In this stage, you're ready and committed to making a change.3 You may have started taking small steps toward recovery, such as researching treatment options or building a support system. This stage is often marked by setting a specific goal or intention to change.

Common challengesDifficulty finding effective coping strategies and fear of failure
Helpful tools and resourcesRecovery workbooks, online forums, and support from family and friends
Ideal support from loved onesOffer practical support, such as attending therapy sessions or appointments with them, to show commitment and accountability
Signs of progressIncreased commitment to finding effective coping strategies and seeking treatment
Signs of setbacksDifficulty following through and taking concrete steps toward change

4. Action/Willpower

In this stage, you're actively taking steps towards change.4 You may be doing the following at this point:

  • Attending therapy or support group sessions
  • Visiting a treatment center
  • Implementing coping strategies
  • Making lifestyle changes to support your recovery

This stage can be challenging and may require significant effort and willpower. It's also the stage where you may see the most significant changes and progress in your recovery.

Common challengesWithdrawal symptoms, cravings, and challenges in building new habits
Helpful tools and resourcesProfessional treatment programs, therapy sessions, and relapse prevention strategies
Ideal support from loved onesBe a source of motivation and encouragement and providing a positive environment free from substances
Signs of progressCompleting a treatment program
Signs of setbacksContinuing to struggle with cravings and relapse

5. Maintenance

Maintenance is about sustaining the changes you made during the previous stage and preventing relapse.1 It involves creating a long-term plan for managing triggers, coping with challenges, and maintaining healthy habits.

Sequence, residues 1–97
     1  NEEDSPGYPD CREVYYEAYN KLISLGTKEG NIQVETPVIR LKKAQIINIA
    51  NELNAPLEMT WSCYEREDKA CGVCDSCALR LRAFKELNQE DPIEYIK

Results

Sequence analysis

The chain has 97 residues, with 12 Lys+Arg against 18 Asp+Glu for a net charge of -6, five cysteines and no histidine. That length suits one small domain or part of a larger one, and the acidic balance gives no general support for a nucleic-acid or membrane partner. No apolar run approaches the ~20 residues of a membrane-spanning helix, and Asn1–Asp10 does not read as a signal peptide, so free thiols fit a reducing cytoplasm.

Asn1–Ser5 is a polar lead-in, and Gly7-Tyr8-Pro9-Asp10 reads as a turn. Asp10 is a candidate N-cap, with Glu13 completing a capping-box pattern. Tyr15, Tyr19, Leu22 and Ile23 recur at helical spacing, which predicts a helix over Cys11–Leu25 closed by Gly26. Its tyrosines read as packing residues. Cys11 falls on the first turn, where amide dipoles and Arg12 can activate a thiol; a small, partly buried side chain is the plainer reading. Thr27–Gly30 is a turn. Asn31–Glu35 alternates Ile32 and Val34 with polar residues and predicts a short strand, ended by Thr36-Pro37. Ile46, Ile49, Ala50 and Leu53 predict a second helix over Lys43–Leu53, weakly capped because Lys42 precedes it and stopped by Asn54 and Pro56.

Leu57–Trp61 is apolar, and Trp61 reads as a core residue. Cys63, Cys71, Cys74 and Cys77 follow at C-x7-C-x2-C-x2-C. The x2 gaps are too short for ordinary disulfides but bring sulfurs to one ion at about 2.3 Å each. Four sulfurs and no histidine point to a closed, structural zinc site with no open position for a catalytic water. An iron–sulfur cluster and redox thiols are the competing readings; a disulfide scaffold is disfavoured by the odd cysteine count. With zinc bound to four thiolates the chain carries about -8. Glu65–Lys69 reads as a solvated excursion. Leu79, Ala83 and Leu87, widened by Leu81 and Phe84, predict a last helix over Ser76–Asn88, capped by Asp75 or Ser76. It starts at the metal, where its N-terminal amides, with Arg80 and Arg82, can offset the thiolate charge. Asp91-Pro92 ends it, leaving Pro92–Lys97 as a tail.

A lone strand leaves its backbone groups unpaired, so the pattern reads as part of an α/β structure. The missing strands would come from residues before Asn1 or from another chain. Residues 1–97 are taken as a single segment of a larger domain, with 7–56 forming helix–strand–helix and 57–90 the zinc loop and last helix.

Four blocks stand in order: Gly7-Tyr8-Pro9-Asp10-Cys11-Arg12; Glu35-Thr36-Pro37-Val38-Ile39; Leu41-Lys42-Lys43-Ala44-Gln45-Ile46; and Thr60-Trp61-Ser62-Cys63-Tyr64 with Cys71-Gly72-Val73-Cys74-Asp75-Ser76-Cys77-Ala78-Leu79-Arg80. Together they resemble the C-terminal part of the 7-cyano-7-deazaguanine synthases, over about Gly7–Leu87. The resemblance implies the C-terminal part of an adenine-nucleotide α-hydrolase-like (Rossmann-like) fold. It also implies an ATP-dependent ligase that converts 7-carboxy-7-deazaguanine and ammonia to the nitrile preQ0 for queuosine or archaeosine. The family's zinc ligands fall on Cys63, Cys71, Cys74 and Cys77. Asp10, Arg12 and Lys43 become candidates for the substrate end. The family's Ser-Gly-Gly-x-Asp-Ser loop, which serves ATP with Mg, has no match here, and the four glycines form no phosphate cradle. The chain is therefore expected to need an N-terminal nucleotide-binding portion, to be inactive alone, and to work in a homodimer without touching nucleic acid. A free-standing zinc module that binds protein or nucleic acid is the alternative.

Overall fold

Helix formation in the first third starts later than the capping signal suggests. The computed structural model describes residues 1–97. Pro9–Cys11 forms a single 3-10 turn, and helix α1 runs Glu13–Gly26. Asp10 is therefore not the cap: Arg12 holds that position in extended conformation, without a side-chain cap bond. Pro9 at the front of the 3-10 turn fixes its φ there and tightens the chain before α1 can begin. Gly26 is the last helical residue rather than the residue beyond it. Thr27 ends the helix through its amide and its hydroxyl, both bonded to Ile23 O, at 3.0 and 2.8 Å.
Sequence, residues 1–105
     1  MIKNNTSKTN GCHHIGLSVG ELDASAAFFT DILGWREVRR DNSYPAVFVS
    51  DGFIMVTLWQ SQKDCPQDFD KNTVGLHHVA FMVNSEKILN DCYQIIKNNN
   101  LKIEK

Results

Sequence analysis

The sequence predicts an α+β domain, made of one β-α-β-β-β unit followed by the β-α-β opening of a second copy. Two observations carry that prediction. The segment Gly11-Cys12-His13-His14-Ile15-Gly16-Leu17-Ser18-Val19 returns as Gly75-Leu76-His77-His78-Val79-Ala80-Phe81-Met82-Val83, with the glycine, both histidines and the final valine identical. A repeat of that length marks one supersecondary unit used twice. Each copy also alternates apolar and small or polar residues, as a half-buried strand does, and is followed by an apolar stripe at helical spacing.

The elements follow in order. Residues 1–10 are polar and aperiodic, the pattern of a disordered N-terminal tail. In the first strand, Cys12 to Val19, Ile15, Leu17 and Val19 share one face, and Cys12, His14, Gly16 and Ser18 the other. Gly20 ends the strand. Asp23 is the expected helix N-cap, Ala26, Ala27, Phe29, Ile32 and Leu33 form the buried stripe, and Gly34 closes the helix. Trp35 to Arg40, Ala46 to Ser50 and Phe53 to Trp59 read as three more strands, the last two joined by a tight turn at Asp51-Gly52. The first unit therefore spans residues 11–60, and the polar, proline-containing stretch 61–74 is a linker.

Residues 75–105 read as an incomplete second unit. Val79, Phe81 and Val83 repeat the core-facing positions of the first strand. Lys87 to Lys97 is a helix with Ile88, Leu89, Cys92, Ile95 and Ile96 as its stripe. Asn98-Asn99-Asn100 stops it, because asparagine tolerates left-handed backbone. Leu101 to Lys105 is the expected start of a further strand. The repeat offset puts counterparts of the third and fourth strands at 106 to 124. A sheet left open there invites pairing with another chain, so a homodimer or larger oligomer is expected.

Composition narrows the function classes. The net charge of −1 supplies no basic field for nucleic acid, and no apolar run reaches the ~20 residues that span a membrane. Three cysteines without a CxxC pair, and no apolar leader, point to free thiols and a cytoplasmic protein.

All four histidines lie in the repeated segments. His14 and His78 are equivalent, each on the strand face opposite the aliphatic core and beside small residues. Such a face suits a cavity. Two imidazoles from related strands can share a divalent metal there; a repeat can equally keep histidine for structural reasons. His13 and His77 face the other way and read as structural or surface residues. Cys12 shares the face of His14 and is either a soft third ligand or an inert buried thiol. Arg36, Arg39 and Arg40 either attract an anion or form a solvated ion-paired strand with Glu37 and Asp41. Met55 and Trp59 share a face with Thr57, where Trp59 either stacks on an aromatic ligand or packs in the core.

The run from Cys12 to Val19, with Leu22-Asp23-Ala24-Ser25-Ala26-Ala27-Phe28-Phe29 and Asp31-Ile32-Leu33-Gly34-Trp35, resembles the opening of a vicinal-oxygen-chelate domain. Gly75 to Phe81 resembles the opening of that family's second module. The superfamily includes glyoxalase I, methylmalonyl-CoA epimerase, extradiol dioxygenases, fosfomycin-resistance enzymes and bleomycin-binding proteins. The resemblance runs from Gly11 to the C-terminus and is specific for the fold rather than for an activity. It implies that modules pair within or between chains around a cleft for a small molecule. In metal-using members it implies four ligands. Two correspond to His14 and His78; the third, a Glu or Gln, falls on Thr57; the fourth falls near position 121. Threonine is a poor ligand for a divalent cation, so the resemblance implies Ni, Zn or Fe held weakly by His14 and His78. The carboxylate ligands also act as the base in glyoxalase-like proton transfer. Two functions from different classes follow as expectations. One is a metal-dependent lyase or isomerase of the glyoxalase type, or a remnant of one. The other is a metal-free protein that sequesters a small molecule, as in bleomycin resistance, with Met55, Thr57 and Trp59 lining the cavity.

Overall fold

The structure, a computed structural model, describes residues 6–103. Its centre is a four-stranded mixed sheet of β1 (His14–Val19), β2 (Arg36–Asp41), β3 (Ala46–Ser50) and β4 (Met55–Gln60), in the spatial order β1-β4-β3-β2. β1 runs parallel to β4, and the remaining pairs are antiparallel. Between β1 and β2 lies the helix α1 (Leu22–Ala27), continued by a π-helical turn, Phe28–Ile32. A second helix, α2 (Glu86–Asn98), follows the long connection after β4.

This stage can last for an extended period, as it's essential to continue actively working on your recovery to avoid relapse.

Common challengesComplacency, overconfidence, and dealing with potential triggers and temptations
Helpful tools and resourcesContinued therapy or support group attendance, healthy lifestyle habits, and ongoing accountability
Ideal support from loved onesOffer ongoing emotional support and understanding of any challenges or triggers you may face in maintaining sobriety
Signs of progressDeveloping healthy habits and coping skills to maintain sobriety
Signs of setbacksBecoming complacent and potentially experiencing a relapse

6. Termination

In this stage, you've fully integrated your new behavior into your life and no longer feel at risk of relapse.1

However, termination doesn't mean you're "cured." Recovery is an ongoing process, and you must continue practicing healthy habits and coping strategies to maintain your progress.

Common challengesFear of relapse and maintaining progress in the long term
Helpful tools and resourcesContinued maintenance efforts and ongoing support and accountability from a strong recovery network
Ideal support from loved onesRemain supportive and encourage continued maintenance efforts to prevent relapse
Signs of progressMaintaining long-term recovery
Signs of setbacksFearing potential relapse and difficulty sustaining progress

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How Does Relapse Fit Into the Stages of Change?

Relapse, or a return to substance abuse after a period of abstinence, can happen at any stage in the change cycle. Learning from it can help you identify triggers and weaknesses in your recovery plan, making you better prepared to handle similar situations.

Relapse doesn't necessarily mean you've failed or are back at square one.5 Instead, it's a natural part of the process and an opportunity for growth.